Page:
Making choices often and early


improvisation_photo

Steal the Show with Michael Port:

Be the kind of person so others are willing to help you. Choose early and often. 
Strong ability to improvise, it will help us to stay longer in the moment. Instead of thinking about what to say next or what to say something about that we already said.
The choices we make signal the other people who we are and what we believe in. If we do not make choices that are strong, we do not produce much. If we make choices that are weak-easy, we revile low image of our self. If we do not make any choices at all, nothing will happen. If we make choices often and early, it gets us further and quicker.

It seems like overcoming resistance is a step toward the strong choice. Less is better but is it strong? Exploring the “stronger” choices takes readiness and previsualization. They are resources for improvisation-stay longer in the moment.

Stand Out — Dorie Clark:

“To bring idea to live you do not necessary need time, you need space for it”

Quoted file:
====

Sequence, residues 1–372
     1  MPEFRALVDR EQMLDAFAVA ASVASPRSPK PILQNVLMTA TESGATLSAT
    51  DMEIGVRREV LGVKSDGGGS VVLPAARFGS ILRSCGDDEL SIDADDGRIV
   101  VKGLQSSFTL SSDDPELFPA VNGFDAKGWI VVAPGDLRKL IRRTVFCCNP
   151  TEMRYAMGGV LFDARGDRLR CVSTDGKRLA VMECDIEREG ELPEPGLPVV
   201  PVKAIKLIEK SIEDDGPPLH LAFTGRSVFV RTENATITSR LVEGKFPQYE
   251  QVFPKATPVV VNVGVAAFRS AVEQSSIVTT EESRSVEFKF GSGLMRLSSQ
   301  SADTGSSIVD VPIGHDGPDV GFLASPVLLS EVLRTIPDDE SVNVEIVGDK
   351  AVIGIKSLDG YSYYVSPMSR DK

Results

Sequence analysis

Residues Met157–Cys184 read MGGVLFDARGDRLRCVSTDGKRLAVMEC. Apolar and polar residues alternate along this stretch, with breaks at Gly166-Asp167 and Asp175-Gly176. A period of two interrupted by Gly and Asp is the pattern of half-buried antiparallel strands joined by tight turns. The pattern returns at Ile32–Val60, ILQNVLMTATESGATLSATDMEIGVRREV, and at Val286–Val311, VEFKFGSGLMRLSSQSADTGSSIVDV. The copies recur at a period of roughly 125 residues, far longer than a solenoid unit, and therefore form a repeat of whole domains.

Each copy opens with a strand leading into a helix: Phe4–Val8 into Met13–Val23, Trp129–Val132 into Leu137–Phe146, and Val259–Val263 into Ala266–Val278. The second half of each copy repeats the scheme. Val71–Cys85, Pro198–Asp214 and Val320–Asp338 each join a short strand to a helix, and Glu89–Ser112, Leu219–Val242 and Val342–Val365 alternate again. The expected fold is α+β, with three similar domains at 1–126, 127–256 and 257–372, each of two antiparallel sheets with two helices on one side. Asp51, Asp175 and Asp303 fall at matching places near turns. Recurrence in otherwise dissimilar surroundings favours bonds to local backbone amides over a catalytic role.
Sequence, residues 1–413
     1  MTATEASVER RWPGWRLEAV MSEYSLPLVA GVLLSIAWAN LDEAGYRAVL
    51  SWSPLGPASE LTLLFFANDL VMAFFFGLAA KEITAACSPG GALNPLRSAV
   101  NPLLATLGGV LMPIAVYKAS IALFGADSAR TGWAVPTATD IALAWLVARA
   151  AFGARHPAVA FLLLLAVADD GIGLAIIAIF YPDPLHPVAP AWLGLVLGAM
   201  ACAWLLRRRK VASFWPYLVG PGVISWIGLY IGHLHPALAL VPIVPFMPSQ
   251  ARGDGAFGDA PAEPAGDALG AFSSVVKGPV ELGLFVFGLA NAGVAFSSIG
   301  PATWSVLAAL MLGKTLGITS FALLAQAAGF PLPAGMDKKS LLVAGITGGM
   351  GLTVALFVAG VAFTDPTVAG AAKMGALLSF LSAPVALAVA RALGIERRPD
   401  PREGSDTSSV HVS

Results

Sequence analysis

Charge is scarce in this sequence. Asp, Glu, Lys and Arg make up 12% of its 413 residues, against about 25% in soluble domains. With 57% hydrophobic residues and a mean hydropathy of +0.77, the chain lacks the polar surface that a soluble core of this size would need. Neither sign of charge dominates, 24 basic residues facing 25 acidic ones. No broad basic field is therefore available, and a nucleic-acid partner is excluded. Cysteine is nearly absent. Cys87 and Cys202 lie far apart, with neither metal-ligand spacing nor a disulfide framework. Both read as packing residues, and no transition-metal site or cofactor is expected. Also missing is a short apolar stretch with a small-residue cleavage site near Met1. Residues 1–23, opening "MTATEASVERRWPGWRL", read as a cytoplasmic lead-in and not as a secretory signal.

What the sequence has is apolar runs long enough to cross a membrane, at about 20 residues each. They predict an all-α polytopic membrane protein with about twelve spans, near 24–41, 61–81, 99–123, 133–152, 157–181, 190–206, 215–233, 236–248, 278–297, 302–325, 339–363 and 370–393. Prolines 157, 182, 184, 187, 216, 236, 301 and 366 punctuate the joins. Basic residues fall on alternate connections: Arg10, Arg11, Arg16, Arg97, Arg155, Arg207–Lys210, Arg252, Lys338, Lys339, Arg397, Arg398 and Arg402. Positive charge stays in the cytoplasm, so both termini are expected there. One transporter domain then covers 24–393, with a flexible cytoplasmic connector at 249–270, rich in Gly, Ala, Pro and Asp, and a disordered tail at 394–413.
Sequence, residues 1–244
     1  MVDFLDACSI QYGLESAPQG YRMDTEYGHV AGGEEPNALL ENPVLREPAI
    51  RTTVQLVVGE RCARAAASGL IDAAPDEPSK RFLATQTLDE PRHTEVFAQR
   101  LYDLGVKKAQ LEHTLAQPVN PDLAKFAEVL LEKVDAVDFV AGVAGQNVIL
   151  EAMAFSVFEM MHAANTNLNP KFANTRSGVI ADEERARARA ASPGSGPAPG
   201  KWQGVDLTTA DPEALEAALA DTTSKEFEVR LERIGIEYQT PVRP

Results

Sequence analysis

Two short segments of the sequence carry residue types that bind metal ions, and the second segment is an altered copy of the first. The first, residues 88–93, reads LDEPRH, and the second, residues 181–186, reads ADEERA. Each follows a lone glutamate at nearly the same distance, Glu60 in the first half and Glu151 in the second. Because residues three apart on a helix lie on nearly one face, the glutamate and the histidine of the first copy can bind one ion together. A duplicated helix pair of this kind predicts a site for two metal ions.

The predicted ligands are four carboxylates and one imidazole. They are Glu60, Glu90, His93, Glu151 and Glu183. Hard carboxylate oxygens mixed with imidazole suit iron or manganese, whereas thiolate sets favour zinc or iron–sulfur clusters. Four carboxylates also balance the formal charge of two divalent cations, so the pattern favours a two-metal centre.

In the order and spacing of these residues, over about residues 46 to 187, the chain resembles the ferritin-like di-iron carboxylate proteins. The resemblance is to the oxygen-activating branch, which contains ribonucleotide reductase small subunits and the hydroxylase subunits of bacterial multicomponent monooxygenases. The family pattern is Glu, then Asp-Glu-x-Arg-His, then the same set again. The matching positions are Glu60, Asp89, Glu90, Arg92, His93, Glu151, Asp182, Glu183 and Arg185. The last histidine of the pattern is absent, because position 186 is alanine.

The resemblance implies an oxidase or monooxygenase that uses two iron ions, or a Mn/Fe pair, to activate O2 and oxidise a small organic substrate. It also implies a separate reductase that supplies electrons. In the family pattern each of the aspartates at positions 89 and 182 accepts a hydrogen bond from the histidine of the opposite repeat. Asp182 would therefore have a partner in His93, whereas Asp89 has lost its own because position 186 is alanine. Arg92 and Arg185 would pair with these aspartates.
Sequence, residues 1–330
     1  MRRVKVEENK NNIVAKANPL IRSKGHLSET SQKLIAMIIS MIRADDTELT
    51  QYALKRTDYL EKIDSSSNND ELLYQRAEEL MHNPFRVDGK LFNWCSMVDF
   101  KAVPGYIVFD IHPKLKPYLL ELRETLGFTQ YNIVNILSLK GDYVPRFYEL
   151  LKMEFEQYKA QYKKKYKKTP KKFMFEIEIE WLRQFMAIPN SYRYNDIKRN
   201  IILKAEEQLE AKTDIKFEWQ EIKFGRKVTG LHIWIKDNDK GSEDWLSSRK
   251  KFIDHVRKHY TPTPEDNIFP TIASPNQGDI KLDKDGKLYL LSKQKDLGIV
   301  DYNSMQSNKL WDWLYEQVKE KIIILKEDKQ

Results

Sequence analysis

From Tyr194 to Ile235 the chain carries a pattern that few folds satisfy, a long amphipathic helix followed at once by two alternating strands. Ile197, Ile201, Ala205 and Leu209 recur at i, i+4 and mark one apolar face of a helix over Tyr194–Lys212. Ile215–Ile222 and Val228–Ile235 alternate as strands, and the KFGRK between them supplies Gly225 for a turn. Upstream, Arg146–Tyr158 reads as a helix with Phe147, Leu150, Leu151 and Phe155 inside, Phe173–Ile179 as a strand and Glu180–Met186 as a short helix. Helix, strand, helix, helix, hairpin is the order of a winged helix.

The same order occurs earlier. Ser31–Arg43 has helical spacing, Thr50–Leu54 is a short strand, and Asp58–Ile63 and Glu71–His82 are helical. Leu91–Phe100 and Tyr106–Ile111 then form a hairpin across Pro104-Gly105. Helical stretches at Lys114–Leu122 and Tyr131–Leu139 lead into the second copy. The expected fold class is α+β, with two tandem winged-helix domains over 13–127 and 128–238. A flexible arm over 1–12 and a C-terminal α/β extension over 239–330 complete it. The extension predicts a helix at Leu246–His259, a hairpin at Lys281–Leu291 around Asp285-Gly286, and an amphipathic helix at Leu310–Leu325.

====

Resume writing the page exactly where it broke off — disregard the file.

You will never go where you want to get by attacking the target directly. You almost always need to go sideways to build your brand sufficiently. So they hear of you and they will come to you.
Play your strength. If it takes you to write a blog 25 hours, do it video.

So, be the kind of person that others are willing to help. Make yourself useful for others.


Thoughts from two interviews of Unmistakable Creative: “Steal the Show” with Michael Port and Accidental Creative: Dorie Clark on “Stand Out”

  1. RMAU
    Making direct suggestions may help the hesitant child to make a choice. Children whose parents make decisions for them may be overwhelmed by a situation in which they are now expected to choose for themselves. They need time, support, and practice as well as patient teachers to help them learn this skill.
  2. WomensNews
    As adults, we manage making the right choices, often because our parents and elders have stepped in to help us make the right one. What then is our role as parents? How do we teach our children, of a generation that is obsessed with technology and blasted with information, to discern the right from wrong? Here's how.